The Collaborative International Dictionary
n. (alternative form of reis English)
Raʾīs (; also spelled Raees) is a title used by the rulers of Arab states in the Middle East and South Asia. Swahili speakers on the Swahili Coast may also use it for president. It is translated as "president" in Arabic, and as "wealthy" in Persian. In Urdu, the word Rais is also used as the opposite or antonym of Nouveau riche, a person who has accummulated considerable wealth within his or her generation.
From Arabic, via Persian, this word came into Ottoman Turkish as reis, and into Urdu as raees, and means a person belonging to the aristocracy. When the book "The pleasure of Philosophy" by Will Durant was translated into Urdu, by Syed Abid Ali Abid, he translated the word aristocracy with the Urdu word raisiyyat .
In the rural areas of the Punjab, the word is also used for the head of an ancient tribe or a person belonging to old landed aristocracy. The adjective 'Azam' great, is also added to mean 'the great rais'.
Category:Arabic honorific titles Category:Swahili words and phrases Category:Heads of state Category:Islamic honorifics Category:Military ranks Category:Royal titles Category:Noble titles Category:Positions of authority Category:Titles of national or ethnic leadership Category:Titles in India Category:Titles in Afghanistan Category:Titles in Pakistan Category:Ottoman titles Category:Turkish titles
Rais may refer to:
- Rai people, one Nepal's most ancient indigenous ethnolinguistic groups
- Saint Rais (died 303), Christian saint
- Rais, founder of the Raisani, a Pakistani tribe
- Amber Rais (born 1981), American professional cyclist
- Amien Rais (born 1944), Indonesian politician
- Gilles de Rais (1404-1440), a leader of the French army and companion-in-arms of Joan of Arc, and serial killer of children
- Karel Václav Rais (1859-1926), Czech novelist
- Muhammad Rais, Indonesian terrorist
- Salih Reis or Rais (c. 1488-1568), Turkish privateer and Ottoman Empire admiral
- Rais Bhuiyan, hate crime victim who forgave his shooter
- Rais Hamidu (1773–1815), Algerian corsair
- Rais Khan (born 1939), Indian sitar player
- Raïs M'Bolhi (born 1986), Algerian footballer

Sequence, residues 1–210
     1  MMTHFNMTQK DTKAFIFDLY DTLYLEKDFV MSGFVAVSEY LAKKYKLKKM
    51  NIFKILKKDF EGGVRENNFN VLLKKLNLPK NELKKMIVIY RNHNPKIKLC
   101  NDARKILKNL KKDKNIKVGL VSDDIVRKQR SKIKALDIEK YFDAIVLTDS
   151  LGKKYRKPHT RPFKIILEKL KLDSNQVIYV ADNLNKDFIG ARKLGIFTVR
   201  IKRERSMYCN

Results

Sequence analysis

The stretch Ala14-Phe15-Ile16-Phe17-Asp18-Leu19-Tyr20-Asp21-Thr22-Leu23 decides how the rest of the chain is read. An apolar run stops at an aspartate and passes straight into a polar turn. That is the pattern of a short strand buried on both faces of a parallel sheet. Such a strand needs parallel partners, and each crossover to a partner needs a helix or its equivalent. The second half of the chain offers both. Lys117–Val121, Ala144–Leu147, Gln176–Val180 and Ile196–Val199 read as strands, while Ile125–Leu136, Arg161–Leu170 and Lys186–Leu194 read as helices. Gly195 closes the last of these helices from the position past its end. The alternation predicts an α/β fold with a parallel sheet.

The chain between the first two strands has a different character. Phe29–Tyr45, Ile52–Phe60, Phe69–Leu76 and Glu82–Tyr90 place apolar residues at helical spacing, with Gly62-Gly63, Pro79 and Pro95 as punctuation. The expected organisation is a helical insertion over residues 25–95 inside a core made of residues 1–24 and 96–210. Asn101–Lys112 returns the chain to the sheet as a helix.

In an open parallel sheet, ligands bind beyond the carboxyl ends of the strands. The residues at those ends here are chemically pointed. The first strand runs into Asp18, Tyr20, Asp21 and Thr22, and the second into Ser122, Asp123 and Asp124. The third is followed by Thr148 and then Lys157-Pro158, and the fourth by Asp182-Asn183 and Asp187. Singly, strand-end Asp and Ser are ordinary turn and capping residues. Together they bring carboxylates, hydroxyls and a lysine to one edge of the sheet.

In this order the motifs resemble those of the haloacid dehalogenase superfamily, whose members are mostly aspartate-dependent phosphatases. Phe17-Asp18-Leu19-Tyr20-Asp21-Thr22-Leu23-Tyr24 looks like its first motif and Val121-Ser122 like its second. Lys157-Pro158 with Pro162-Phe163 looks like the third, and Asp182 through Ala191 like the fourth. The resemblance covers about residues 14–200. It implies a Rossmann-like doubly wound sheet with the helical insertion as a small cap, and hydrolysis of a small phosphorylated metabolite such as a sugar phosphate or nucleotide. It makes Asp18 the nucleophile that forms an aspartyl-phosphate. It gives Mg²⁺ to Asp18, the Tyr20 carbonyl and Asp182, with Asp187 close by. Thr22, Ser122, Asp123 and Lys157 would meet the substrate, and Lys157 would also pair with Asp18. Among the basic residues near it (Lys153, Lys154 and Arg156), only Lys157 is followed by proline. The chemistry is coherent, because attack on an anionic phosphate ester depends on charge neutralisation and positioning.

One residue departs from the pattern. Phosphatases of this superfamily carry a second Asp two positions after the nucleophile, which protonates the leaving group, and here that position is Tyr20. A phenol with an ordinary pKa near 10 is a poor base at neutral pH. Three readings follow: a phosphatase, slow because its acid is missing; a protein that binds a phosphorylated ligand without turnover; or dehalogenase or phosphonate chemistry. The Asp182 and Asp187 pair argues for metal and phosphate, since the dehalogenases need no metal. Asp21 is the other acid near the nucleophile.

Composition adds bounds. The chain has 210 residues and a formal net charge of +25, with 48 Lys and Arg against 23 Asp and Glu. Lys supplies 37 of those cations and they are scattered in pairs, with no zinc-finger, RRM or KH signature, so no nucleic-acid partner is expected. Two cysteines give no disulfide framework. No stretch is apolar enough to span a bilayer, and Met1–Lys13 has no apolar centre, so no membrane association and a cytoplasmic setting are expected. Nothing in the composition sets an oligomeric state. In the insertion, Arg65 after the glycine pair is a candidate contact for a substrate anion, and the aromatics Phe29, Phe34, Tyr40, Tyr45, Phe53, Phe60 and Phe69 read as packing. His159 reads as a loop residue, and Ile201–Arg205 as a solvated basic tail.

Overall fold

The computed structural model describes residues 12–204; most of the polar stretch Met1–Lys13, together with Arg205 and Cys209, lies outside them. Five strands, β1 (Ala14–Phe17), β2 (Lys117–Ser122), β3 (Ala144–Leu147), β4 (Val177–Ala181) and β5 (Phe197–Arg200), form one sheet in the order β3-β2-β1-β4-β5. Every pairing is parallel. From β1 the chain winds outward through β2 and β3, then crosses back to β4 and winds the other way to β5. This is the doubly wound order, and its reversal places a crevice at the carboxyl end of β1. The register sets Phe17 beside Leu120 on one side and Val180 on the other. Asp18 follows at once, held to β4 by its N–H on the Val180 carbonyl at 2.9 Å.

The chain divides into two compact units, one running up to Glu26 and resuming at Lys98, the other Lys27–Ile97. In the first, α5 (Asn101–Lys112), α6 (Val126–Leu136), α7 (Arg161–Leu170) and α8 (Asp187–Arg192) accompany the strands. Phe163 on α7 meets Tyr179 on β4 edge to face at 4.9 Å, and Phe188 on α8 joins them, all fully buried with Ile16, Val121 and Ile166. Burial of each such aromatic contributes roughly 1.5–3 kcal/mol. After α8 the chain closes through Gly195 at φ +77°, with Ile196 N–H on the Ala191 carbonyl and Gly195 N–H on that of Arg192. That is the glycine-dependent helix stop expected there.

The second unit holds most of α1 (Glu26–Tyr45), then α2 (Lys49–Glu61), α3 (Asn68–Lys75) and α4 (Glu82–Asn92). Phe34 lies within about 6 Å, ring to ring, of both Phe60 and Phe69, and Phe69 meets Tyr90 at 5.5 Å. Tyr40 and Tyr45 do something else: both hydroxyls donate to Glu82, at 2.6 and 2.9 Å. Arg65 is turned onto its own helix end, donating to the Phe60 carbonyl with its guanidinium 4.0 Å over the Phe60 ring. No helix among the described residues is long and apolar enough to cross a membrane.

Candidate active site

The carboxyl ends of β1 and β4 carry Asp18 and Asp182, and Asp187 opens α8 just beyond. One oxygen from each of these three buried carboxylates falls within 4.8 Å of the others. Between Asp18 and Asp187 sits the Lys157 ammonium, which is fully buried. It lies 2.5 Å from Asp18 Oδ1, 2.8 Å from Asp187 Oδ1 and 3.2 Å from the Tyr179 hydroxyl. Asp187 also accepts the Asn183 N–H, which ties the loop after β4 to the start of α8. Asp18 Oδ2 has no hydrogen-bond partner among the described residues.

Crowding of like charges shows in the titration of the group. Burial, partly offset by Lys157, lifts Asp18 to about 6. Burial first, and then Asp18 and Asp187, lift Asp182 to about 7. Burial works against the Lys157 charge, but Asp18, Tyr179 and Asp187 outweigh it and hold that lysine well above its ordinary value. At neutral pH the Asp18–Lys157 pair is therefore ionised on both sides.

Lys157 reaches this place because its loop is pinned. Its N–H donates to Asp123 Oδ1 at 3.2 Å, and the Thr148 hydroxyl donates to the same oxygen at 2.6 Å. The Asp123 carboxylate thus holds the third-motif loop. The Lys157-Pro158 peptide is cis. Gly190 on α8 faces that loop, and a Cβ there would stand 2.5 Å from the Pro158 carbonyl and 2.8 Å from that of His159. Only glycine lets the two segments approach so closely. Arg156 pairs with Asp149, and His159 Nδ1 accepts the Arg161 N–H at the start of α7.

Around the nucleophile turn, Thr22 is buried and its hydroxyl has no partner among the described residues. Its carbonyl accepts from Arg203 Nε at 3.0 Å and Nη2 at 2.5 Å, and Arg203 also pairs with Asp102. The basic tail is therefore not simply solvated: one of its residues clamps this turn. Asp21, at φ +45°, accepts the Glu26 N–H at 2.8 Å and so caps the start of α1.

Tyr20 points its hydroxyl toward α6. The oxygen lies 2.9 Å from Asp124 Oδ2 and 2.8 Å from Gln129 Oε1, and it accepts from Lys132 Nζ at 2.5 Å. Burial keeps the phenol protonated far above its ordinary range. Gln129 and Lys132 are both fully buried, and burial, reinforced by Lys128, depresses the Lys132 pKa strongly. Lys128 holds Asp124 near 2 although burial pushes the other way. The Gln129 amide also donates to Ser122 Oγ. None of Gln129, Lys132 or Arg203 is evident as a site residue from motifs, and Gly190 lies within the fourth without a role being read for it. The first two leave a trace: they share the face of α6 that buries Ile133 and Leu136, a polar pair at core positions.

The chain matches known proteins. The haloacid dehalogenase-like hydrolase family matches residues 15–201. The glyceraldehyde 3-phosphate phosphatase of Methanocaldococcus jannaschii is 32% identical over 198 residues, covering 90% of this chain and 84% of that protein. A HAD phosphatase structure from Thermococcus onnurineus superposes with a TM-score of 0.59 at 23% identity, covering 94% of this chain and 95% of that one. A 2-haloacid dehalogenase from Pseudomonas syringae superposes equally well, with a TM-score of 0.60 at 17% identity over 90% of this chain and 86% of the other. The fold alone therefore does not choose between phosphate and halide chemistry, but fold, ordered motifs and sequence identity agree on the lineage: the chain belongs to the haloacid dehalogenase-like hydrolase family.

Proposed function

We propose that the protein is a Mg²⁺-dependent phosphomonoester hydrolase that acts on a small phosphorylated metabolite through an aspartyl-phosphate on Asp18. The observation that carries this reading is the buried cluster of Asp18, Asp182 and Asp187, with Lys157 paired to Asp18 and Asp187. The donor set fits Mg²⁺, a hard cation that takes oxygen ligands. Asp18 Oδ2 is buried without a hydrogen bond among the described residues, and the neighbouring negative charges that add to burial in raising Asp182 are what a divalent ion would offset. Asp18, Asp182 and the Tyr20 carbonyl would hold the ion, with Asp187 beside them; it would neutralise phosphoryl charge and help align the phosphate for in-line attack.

- Rais Sitdikov (born 1988), Russian footballer
- Rais Yatim (born 1942), Information, Communications, and Culture Minister of Malaysia
- Rais, a Muslim title
- Rais, Iran, a village in Kermanshah Province, Iran
- Rais, South Khorasan, a village in South Khorasan Province, Iran
- Rais, a village in Algeria that was the site of the Rais massacre of 1997
- Redundant Array of Inexpensive Servers, multiple computers in a server farm
Usage examples of "rais".
Dauphin had attempted to deceive Jeanne as to his identity, by hiding among the incredulous and hostile court until recognized at once by her, the Seigneur de Rais had made himself her friend and champion.
De Rais directed him to a limner to have arms emblazoned on his shield.
Jeanne sat her horse that bright morning beside De Rais, waiting for the banner to be brought that she had commanded to be made to her design.
Gwalchmai came out of the fort, with De Rais beside him, both with dripping swords, they saw Jeanne sitting on the ground, holding the head of a wounded English soldier in her lap, cradling him in her arms.
De Rais thrust her behind him, taking the brunt of the missiles upon his excellent armor.
In rode Jeanne, striking hard with the flat of her sword, De Rais at her side slashing brutally, offering no quarter to those who flung down their arms.
Rushing past him through the battle, Gilles de Rais thrust him heavily aside, ran through the firing line, and flung himself down beside Jeanne, covering his girl comrade and leader, and protecting her with his own body.
Gaucourt, almost blind with tears, fumbled their way out through the dead and helped De Rais, who had only minor wounds, bring her in.
August of that same dark year, Gilles de Rais, Marshal of France, visited Gwalchmai, an invalid now, in the laxly besieged town of Compiegne.
De Rais possessed the rights of High and Low justice and, even in Compiegne, might have him slain.
De Rais, acting as guerrilla leader, along with the forces of the old wolf, La Hire, attacked in force.
Gwalchmai and the Lorrainer arrived, to find De Rais moodily staring at the latest scroll, it was the evening of the twenty-fourth of May.
Later, after ostensibly reporting to an imaginary unit, De Rais returned, bought a bottle of wine in the common room, and went upstairs to his friends.
Knowing this to be the customary spot for those who came to enjoy executions, De Rais had insisted upon a room with as good a view of the stands as of the stake.
De Rais was snatching at the faintest gleam of hope in formulating this mad plan.